McKinsey consultant reflects on new trends in a diversified African economy

05 April 2018 5 min. read

Nuance is the new magic word in Africa; a trend that has been reiterated by Senior Partner at McKinsey Africa Acha Leke. In an interview with the African Business Magazine, Leke explains how the African economy has evolved since ten years ago, and the implications that this has on the outlook for 2018.

In many ways, economies across Africa have developed in harmony over the last few decades. Certain trends can be observed in a majority of the countries, including a high dependence on commodities, some degree of political instability, and a young median population.

As a result, analysts over the last two decades, in particular, have examined the African economy as a singular entity, often making economic forecasts and drawing conclusions at a macro level. According to Acha Leke, while such an approach made sense a decade ago, the situation on the continent has now changed.

Leke is a Senior Partner in the Johannesburg office of global management consultancy McKinsey & Company, and is particularly well-versed with the macro-economic scenario in Africa, given his specialisation in growth and development across the continent, and his work to that end with the public, private, and social sectors. He has conducted business in 20 African countries, and is the co-founder of the African Leadership Academy and the African Leadership Network. 

“Ten years ago, all 30 top economies in Africa were growing and 27 of the 30 had accelerated growth. In this last five-year period only 13 have shown accelerated growth – so it’s much more complex,” says Leke, drawing attention to the uneven nature of growth in the region.

On the one hand, the gap is growing between the relatively prosperous countries and the ones that are still in the early stages of development. The oil-dependent countries in North Africa, and the large, diversified economies of South Africa and Nigeria have raced ahead of the rest to become the richest countries on the continent.

On the other hand, according to Leke, these top economies are the ones that have now slowed down. For the oil-dependent North African countries, the slowdown has been brought about by a fall in the prices of oil, similar to what the dip in the price of precious metals did to the South African economy.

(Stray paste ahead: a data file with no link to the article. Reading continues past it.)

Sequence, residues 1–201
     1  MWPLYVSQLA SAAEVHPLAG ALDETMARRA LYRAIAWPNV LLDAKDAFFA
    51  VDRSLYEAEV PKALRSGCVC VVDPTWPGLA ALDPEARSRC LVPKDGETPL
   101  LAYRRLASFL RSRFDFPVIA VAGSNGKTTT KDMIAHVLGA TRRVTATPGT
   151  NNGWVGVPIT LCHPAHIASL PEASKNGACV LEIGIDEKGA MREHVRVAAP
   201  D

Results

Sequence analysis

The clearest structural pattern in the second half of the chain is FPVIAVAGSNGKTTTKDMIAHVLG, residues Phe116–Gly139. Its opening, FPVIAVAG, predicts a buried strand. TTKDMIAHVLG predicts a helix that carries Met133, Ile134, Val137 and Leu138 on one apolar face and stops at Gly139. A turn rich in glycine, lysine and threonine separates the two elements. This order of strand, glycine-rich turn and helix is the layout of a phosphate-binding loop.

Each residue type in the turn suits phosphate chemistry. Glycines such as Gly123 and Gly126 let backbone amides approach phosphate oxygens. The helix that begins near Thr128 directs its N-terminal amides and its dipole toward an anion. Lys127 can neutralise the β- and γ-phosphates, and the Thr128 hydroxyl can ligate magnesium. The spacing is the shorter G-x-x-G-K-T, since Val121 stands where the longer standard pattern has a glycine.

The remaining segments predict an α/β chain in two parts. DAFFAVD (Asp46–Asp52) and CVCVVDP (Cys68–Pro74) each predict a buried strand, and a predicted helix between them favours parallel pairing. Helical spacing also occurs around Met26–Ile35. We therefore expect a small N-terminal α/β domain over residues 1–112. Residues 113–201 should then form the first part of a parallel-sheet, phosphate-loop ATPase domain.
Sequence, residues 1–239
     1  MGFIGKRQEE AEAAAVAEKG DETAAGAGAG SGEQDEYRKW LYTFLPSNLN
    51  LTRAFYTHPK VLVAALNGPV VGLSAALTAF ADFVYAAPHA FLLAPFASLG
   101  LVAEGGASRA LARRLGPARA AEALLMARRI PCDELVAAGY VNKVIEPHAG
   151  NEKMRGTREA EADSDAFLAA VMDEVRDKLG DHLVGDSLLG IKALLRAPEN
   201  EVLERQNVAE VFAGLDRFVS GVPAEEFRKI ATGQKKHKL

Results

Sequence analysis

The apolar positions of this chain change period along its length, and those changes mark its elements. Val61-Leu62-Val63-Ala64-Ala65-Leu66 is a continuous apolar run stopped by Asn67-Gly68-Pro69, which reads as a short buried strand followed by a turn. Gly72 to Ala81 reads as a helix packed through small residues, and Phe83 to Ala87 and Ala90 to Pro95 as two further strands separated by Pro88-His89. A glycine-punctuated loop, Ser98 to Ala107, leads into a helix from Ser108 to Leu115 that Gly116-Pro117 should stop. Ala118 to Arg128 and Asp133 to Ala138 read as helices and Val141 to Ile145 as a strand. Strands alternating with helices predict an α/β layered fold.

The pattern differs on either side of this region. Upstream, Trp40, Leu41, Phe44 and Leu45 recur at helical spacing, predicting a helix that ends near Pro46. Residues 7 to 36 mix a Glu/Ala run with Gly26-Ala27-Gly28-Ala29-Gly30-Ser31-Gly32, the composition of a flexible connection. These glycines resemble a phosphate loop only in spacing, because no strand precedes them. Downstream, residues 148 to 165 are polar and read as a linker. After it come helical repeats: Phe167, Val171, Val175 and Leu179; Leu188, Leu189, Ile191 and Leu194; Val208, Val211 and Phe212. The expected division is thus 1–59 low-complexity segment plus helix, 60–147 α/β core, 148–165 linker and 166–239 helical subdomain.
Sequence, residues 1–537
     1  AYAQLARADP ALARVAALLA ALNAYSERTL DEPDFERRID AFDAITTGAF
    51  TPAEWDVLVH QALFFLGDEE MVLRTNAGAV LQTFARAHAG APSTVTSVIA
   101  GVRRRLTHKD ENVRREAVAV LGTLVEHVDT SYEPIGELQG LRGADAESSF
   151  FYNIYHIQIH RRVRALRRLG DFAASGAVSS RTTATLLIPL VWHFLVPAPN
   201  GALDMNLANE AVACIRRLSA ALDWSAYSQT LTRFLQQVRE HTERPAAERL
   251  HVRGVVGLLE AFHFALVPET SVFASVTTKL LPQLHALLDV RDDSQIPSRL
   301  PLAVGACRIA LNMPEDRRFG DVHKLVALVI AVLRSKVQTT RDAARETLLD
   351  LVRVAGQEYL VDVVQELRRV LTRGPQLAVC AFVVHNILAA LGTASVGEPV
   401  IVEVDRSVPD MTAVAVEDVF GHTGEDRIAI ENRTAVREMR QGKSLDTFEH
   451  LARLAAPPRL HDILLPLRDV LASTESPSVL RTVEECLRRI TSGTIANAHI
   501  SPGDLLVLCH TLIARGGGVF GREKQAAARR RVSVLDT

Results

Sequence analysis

Acha Leke, Senior Partner - McKinsey & Company

In essence, what is segreggating the growth figures for economies in Africa is the variation in the commodities and services they offer, which is growing in intensity. As a result, Leke asserts that international firms that were previously looking to capitalise on the opportunities in the African economy as a whole, now have to customise their entry strategies based on individual country-trends rather than continental trends.

In light of this new approach, Leke highlights a few new factors that firms will now be considering. Firstly, the regional focus itself is expected to shift. For instance, while investment has traditionally been focussed in the Northern and Southern regions, East Africa is now the fastest growing region in terms of consumer spending, currently accounting for 12-15% of all consumer spending on the continent. Investors will have noted this trend.

Secondly, investment can now extend beyond basic consumer goods to luxury goods, as economic prosperity has brought about the emergence of affluent households. Leke’s third observation takes us even further in terms of nuance. He explains how 50% of the expenditure in Africa takes place across only 75 cities, which means that, when devising nuanced strategies, firms need to pick the best cities to expand into rather than the best countries.

Overall, Leke is optimistic about the economic future of the continent: "The good news is that we have gone through the bottom of the barrel. Nigerian oil production has gone back up; it’s the biggest economy on the continent and it’s out of a recession. South Africa, for the first time, has recorded 2% growth in the last quarter so you’re starting to see promising signs. The Nigerian stock exchange has gone up by 50% in the last six months, so you’re starting to see a recovery.”

A recent study from McKinsey & Company also revealed how the banking sector on the continent is performing exceptionally well, in direct contrast with the rest of the world. However, the biggest challenges according to Leke reside in the large volume of public-debt in a number of African countries, as well as in the weakness of their passports, even for movement within the continent.